Drinking During the Coronavirus Lockdown

Let’s be honest, a lot of us are drinking more during the pandemic. Many people have been furloughed and most places are shut, so there’s no need to get up early and drive anywhere, whereas illness anxiety or the stress of home schooling has driven some to the bottle.

However, as you can probably now tell from the facts above, upping your alcohol intake during lockdown isn’t the best idea. Now, I’m not saying to go teetotal, however, cutting back could help ease negative emotions and help you sleep better during this period of unease. Plus, it’ll save you a few pennies too!

Dr Mason said:

“Many people use alcohol to self-medicate and block out difficult thoughts and emotions. The challenge here is the difficulties never get addressed, it may exacerbate them further or create other problems. During this lockdown period, people need to be mindful around their alcohol consumption and that it doesn’t become a “crutch” to help them through.

“Keeping alcohol use within the recommended 14 units a week, should limit the risks associated with alcohol use. In considering these 14 units, it is recommended these are spread out over a week as opposed to “binge drinking” these units or more over a day or two. 

“A report from the Royal College of Nursing (2020) reported that “31% of men and 16% of women in England are drinking alcohol to excessive levels impacting their physical and mental health”. Excessive alcohol use can significantly increase your risk of injury and puts you at a higher risk of health problems such as high blood pressure, stroke, liver disease, cancer, infertility and sexual dysfunction.

“Drinking too much alcohol can also have a significant impact upon your mental health. So, during this lockdown be careful you are not using alcohol excessively. Don’t forget alcohol has a depressant effect.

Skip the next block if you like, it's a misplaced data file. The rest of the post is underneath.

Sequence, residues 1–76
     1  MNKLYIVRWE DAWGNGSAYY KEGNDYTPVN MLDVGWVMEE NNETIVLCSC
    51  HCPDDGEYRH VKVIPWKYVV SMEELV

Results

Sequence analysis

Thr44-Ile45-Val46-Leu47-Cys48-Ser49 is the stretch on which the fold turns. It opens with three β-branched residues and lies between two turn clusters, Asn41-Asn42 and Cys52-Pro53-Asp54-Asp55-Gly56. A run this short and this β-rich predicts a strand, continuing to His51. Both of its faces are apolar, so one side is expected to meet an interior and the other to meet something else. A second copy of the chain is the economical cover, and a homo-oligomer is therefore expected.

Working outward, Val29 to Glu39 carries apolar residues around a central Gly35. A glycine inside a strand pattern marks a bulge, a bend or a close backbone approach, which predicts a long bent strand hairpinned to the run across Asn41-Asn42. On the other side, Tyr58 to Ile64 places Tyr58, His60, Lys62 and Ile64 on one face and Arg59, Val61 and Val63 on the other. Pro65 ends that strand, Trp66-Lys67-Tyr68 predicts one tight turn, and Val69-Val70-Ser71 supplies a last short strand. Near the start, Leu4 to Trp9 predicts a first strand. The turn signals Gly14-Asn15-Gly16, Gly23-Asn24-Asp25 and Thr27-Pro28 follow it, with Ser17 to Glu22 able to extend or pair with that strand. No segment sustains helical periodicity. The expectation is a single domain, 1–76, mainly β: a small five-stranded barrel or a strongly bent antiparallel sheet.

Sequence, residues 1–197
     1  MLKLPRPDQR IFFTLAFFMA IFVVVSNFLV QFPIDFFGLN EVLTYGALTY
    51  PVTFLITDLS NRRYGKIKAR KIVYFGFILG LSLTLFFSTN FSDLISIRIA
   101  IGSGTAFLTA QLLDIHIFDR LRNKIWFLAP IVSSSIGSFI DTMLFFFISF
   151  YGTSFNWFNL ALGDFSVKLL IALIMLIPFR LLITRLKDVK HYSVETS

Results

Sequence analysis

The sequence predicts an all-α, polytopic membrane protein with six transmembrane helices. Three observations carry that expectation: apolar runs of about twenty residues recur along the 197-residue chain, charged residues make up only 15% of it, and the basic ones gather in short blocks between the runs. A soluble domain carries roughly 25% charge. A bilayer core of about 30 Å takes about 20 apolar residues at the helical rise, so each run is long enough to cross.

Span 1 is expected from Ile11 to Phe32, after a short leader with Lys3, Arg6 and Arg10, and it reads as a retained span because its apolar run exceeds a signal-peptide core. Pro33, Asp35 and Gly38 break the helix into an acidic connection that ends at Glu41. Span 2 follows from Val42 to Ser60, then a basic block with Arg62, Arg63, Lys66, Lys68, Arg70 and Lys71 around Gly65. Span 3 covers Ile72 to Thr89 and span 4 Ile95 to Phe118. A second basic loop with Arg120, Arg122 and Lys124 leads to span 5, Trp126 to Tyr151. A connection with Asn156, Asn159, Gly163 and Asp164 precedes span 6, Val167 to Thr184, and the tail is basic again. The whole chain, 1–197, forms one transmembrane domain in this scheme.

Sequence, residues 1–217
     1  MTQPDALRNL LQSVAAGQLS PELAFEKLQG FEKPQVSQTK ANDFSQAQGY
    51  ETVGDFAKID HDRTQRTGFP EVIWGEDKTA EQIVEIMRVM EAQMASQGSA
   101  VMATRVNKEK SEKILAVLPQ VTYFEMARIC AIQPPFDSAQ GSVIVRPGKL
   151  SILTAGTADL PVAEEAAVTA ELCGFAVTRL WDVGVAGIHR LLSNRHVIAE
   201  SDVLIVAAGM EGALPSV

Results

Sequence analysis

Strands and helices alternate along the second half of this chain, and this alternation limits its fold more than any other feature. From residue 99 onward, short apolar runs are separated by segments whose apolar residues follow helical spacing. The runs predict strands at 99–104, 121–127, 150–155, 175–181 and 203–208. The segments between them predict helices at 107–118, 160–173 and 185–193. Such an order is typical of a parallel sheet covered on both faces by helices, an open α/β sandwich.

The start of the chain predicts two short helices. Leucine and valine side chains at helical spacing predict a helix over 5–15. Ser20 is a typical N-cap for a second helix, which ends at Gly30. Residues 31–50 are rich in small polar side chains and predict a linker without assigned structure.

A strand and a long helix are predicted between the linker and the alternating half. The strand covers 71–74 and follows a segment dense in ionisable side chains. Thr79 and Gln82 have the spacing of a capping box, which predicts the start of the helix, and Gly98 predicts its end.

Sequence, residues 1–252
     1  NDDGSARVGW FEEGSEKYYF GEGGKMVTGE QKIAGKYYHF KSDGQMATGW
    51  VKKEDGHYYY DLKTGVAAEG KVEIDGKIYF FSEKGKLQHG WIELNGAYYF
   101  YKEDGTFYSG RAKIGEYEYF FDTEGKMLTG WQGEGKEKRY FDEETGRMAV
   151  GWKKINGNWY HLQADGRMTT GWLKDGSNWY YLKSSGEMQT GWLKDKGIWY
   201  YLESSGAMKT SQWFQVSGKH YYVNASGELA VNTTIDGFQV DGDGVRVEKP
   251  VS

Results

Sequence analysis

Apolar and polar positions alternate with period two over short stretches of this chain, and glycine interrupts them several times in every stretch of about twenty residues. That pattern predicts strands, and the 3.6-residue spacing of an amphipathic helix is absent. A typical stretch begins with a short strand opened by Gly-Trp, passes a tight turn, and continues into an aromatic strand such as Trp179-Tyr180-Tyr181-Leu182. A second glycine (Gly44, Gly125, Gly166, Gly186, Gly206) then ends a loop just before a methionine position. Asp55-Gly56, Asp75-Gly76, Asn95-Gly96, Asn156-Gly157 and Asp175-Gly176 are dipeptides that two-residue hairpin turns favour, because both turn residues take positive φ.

“I think the first step is recognising that you are drinking “too much” and from this point taking steps towards change. But, how do you know if you are drinking too much? A quick assessment you can use is:


S-Stress: Are you reaching for alcohol to help you manage this?

T-Thoughts: Is your mind telling you to set limits around your drinking, but you find you can’t stick to this. You are noticing your mind questioning your own drinking.

O-Others: Are people around you commenting or concerned about your drinking?

P-Plans: Are you noticing alcohol at the centre of your social and home life?”


But, We All Love a Tipple!

If you really enjoy a drink and aren’t ready to cut back completely quite yet, there are other things you can do to improve your sleep.

How to Sleep Better After Drinking Alcohol

Consider Your Diet

Cheese makes you dream more, and coffee and sweet treats give you energy. Conversely, nuts and omega-3-packed fish can help produce sleep-inducing hormones. So, if you’re tempted to have a little snack before bed, make sure you’re nibbling on the right thing.

Read more: Counting Sheep? Here Are 5 Foods That Could Be Hampering Your Sleep


Get Active!

Now, I know not everyone loves the gym or playing sport, but even a short walk or vacuuming your home will help you get some light exercise and to release sleep-friendly endorphins.

If you can do an activity outside, sunshine will help regulate your internal clock too!


Invest in a Comfortable Bed

Whether you have drank alcohol or not, if you have an uncomfortable and unsupportive bed, you’re going to struggle to get a restful night sleep. So, if your bed is subpar, it may be time to upgrade it.

Our double memory foam mattresses are great all-rounders, but if you’d like something a little more specific for your needs, check out our Mattress Guide and our Size Guide for further purchasing guidance.

Read more: 8 Top Tips for a Healthy Night’s Sleep


So, Will You Cut Back on Your Alcohol Intake?

So, we’ve rounded up the facts, and spoken to the experts, but will that influence your drinking and quality of sleep? We’d love to discuss this topic with you over on Twitter, Facebook and Instagram.